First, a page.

Tag Archives: StormWatch

Not a Quiet Pattern: Weather in the U.S. Next Week Might Be Fairly Severe

There’s a flurry (forgive the pun) of activity in the ImpactWeather Operations Center this morning. First, there’s the discussion of a wintry mix of precipitation in Southeast Texas tonight. Granted, it’s the northern parts of Southeast Texas, but wintry precip is a big deal down here. Not only does it make travel conditions a nightmare (if it sticks) but it throws the general population into excitement-slash-panic mode. Not fun. Plus, it’s a real bear to forecast. And by that I mean that the conditions that bring about freezing precip are well-known, but actually getting those conditions is very tricky this close to the Gulf Coast and its moderating influence on the local air mass. It’s like the difference between a cupcake and a scone — substitute yeast instead of baking powder and the outcome may surprise you.

Big Change Next Week: Cold vs. COLD – What’s it Mean to You?

We had a cold front move through Houston yesterday — no snow, no ice, no school closures. It’s December, after all, and I want some cold. In fact, Monday’s official Houston high was 82F, yesterday’s high was a record 83 and today — once these clouds break — should once again be quite warm, though […]

Good News: Latest on the Next Nor’easter

The good news is that although this storm is still expected to develop into a significant storm, development and nearly all of the effects will be well offshore.

Update 2: Warning About Severe Weather in the Plains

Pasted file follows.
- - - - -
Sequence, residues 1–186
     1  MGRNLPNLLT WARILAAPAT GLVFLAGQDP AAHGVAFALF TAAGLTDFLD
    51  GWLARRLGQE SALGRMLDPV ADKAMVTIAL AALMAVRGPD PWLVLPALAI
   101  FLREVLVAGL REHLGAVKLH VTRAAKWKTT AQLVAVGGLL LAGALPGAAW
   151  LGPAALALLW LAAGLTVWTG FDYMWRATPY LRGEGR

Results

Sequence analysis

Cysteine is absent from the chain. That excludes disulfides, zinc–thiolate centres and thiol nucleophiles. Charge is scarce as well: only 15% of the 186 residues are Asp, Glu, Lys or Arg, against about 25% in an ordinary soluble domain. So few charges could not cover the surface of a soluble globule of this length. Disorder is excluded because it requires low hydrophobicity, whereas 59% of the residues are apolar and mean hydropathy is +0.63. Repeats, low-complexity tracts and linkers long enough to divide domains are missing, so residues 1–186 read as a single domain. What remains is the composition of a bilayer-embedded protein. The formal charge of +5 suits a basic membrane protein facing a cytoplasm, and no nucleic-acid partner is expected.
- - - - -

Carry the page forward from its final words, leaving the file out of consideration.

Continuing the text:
Today’s post is not to bring you up-to-speed on these meteorological events from the beginning, but rather to continue the warning about the potentially deadly weather situation beginning to form across the infamous Tornado Alley over the coming 72 hours.

Update: Severe Weather Still On-Track for the Plains

In Tuesday’s YourWeatherBlog, I wrote that a significant severe weather threat is beginning to take shape for the southern and central Plains this coming weekend and early next week. With this update, I’m confirming that the severe weather is still on track and still on target. Every weather event comes more into focus as the […]

Spring and (More) Severe Weather Coming: Mark Your Calendar

Now once again, severe weather indicators are pointing to a major severe weather outbreak early next week.

Forecast: 15 Inches of Rain at Our Water Cooler

What do you overhear at your office water cooler? Seinfeld’s George Costanza prefers to get his gossip at the office coffee machine (“Nobody drinks from a water cooler any more – they use bottles”), but trading gossip in the office — whether at the water cooler or the coffee machine — is as old as the office itself. Location aside, you’ll probably agree there’s more going on most times than mere gossip. That’s why my ears perked up yesterday when I heard one of our StormWatch forecasters mention an upcoming rain event with a possible 15 inches of rainfall. You don’t need a weatherman to tell you 15 inches of rainfall is a significant event, however how and why 15 inches came to be definitely requires a weatherman to deconstruct and understand.

Severe Weather Today: March is a Lion – For Now

Although the cold front in the central U.S. will bring snow to the western Great Lakes today and though we still have more than two weeks of winter (vernal equinox: March 20), we’re dealing with a major springtime — rather than wintertime — storm system. Actually, you won’t find the definition “Springtime Storm System” in […]

The New “Texas T” – Thunderstorms

As the magical pattern change takes shape, the forecast is more in focus yet the rain is by no means guaranteed. Wait — let me rephrase that: the rain for most is by no means guaranteed. It will rain in Texas — how much, when and exactly where remains in question.

Historic Flooding Still Not on Everyone’s Radar

Historic flooding is expected to continue across the Middle and Lower Mississippi River Valley throughout the week and, in many cases, through the end of the month of May. River levels have crested in many areas along the Ohio River, but this surge of water will continue to spread southward with damaging floods expected to continue to impact many areas of western Tennessee, Arkansas, western Mississippi, and eastern Louisiana.